Earlier, we shared how Bill Clinton and Celeste Headlee always assume there is a big story behind every person they meet. I think this might be the best possible mindset to practice non-judgement. It's not about forcefully squashing the thoughts that come to mind, it's about adopting a conviction that there is a story that explains why people behave like they do; we just haven't found it.
A few weeks ago, the mighty YouTube algorithm decided to serve me a video called '$1 vs $1,000,000 Hotel Room!'
I had heard of MrBeast, the video's creator before, and his other videos ("I spent 50 hours buried alive", "I ate a $70,000 golden pizza") bypassed any non-judgement-y reflex I might have developed over the past period. Clickbait, flashy bullshit for teenagers on a doomscroll. Period. Right?
Two videos down a potential rabbit-hole (the engineer in me could not resist an experiment with concrete walls as a gentle stopping mechanism for freight trains..) 'The Origin and Rise of MrBeast', a documentary on his life so far, turned up in my feed, revealing a different side of the story. Obsessed with making videos since his childhood, he gave away the first $5,000 he ever received in sponsorship to a homeless guy down the road, simply to see his reaction. Helping thousands of people with cheap, but life-changing eye surgeries and hearing aids was another of his projects.
While his business empire is valued north of a billion dollars, he still lives in what can best be described as a dorm room. Should the fairytale end, his lifestyle wouldn't suffer much, his reasoning goes. He just likes to spend his time doing what he enjoys most: doing fun and helpful projects with his friends.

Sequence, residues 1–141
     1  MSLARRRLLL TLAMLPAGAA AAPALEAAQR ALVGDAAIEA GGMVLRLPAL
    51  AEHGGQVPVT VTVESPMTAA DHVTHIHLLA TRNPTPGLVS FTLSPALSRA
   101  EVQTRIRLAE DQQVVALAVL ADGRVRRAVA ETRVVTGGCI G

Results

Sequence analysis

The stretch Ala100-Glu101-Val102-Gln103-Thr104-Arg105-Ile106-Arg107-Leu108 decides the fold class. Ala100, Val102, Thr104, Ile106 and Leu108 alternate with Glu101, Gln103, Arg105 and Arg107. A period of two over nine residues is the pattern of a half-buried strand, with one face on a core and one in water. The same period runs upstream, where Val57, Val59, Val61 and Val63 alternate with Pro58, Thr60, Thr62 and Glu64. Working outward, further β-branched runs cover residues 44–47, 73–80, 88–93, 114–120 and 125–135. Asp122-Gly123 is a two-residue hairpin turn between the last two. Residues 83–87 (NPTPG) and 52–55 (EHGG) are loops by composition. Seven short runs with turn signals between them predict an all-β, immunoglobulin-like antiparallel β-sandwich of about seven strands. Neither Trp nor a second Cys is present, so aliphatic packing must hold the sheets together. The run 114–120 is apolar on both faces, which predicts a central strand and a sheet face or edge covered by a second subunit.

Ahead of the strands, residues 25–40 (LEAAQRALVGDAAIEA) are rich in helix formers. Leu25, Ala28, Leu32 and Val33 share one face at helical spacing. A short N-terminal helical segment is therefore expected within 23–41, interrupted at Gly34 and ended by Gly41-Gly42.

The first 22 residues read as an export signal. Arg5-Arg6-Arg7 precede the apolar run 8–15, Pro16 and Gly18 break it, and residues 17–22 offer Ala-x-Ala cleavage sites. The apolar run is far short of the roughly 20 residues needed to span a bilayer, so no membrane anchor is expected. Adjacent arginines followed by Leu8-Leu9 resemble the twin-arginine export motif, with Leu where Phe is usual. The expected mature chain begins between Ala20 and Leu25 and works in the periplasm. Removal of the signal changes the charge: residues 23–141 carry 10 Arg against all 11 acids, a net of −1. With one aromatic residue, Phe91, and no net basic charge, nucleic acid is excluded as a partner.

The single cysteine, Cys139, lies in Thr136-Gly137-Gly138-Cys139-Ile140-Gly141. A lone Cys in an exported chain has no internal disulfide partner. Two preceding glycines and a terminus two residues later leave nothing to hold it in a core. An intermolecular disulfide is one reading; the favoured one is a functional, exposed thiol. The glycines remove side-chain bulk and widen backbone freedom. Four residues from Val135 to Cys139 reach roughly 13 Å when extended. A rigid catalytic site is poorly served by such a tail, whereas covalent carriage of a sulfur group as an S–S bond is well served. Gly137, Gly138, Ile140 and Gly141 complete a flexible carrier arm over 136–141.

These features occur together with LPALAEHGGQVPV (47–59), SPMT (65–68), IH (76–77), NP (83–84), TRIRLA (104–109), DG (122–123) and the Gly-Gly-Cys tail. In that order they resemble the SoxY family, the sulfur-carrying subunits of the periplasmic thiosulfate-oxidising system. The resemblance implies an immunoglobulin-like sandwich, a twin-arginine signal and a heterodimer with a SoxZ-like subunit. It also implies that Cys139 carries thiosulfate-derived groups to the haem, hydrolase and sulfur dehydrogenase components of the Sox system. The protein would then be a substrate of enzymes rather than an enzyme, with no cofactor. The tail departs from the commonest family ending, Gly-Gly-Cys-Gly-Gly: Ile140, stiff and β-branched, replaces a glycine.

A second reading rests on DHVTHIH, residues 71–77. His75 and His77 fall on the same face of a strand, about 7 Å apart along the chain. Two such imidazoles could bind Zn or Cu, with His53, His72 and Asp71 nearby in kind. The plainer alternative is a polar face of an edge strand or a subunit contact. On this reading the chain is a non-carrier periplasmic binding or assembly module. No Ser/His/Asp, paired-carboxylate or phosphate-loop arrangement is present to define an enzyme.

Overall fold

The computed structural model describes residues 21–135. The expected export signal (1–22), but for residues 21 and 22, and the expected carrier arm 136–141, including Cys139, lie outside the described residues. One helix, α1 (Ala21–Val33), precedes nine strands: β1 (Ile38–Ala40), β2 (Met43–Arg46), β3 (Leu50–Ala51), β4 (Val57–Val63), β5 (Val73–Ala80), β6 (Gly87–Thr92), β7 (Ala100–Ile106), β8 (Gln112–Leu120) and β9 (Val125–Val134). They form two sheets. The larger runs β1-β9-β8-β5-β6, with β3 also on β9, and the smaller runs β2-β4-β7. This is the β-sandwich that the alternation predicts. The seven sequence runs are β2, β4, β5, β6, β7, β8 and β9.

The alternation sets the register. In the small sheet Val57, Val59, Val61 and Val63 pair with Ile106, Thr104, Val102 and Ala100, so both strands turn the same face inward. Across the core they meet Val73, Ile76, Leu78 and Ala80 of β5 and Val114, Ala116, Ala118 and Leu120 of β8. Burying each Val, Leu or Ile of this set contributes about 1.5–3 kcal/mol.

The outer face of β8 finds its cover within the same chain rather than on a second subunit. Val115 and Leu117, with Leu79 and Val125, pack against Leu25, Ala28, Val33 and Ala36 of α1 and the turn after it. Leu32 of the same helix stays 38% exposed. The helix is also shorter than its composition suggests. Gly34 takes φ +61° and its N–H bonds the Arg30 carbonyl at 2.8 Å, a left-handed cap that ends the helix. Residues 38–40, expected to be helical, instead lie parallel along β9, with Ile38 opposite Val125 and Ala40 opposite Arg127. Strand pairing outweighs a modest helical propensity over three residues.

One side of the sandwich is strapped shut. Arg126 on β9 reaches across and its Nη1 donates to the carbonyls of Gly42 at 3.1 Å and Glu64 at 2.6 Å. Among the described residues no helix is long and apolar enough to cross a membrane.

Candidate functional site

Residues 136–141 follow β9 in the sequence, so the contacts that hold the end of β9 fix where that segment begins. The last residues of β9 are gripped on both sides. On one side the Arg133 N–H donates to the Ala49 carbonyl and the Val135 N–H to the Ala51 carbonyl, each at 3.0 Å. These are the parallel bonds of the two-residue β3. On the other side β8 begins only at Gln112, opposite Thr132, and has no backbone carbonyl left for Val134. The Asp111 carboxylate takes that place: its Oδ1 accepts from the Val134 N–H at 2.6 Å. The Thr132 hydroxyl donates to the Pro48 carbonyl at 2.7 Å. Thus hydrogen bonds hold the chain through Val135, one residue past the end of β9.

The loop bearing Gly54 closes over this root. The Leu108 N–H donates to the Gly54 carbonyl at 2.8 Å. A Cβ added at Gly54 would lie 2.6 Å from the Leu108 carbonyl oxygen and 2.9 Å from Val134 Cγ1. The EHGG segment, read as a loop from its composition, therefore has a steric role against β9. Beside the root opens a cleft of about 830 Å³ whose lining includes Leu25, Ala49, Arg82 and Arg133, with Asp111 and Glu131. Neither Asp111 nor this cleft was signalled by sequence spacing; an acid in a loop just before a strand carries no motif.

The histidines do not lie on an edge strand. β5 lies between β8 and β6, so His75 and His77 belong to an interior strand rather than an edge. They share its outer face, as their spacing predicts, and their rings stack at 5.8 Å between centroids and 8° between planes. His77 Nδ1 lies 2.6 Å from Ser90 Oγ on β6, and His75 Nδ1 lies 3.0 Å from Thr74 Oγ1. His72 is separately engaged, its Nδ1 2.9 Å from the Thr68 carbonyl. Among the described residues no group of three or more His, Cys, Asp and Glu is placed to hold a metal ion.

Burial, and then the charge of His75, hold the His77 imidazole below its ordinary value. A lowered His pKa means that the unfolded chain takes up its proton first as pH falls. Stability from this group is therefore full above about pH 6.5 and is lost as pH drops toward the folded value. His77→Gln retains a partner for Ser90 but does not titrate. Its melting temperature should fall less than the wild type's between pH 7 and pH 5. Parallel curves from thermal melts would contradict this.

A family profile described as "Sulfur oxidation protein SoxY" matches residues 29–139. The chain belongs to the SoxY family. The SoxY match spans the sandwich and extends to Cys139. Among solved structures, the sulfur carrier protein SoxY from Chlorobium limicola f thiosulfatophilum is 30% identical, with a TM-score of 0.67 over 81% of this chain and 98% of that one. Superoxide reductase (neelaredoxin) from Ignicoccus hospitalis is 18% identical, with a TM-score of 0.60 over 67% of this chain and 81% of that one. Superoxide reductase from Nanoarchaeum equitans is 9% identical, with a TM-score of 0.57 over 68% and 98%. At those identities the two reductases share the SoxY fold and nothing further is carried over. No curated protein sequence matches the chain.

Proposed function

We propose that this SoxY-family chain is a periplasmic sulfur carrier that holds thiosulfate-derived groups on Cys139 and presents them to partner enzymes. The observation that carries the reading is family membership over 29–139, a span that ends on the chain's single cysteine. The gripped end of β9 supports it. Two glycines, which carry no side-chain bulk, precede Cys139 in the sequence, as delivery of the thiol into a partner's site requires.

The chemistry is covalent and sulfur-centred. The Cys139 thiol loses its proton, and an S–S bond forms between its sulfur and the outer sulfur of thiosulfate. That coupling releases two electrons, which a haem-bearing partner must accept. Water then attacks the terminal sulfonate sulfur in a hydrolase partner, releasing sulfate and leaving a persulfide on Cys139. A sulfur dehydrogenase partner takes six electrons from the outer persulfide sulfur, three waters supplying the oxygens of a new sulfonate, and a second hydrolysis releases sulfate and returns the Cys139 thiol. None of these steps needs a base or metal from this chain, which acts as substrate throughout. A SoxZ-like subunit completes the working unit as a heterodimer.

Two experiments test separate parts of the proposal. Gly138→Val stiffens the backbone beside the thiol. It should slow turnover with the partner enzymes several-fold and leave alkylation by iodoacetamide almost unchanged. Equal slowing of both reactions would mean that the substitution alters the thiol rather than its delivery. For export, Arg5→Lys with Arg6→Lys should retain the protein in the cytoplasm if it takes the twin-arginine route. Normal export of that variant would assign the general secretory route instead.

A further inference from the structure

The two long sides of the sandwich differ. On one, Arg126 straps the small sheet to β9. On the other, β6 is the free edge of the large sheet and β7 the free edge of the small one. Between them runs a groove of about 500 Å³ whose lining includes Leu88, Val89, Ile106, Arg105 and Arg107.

Evidence + 1, more proof supporting a growing conviction. For the next person you meet who triggers a judgement, consider starting with a question and see where this gets you.
"We tend to think of major personal transformations as big, loud and sudden. We imagine an explosion of fireworks or, conversely, an earthquake that brings everything crashing down. But personal transformations don’t always follow a ‘bang’. Sometimes they build from a whisper."
It's a thought that resonated with me, luring me deeper into the article that featured it. For me, it connects with the idea that we all have a unique set of capabilities and talents. We 'just' need to find them.
We're, however, not taught how. Being social animals that tend to prefer structure over chaos and mingling in the crowd over standing on the sideline, we experience a lot of pressure to conform. Conform to whatever our surroundings have defined as 'normal'. Furthermore, we remember well the big and profound life-changing events, tricking us into believing that thát is something to strive for.
I personally believe the big events are often just a catalyst or a culmination of many, smaller steps. We can create and cultivate a lifestyle and processes that make it easier to take those small steps. Almost like a habit.
The mentioned article provided some interesting signals to look for, teaching us where to find those 'whispers' and how to actively listen to them. It appears that our dreams and day-wanderings (which apparently are a form of dream) provide clues to who we really are, what we aspire to and how we can actively (and subtly) change course.
"When our minds wander, we step back from ongoing events, reassess what has just happened, and imagine alternative possibilities for what we might do next."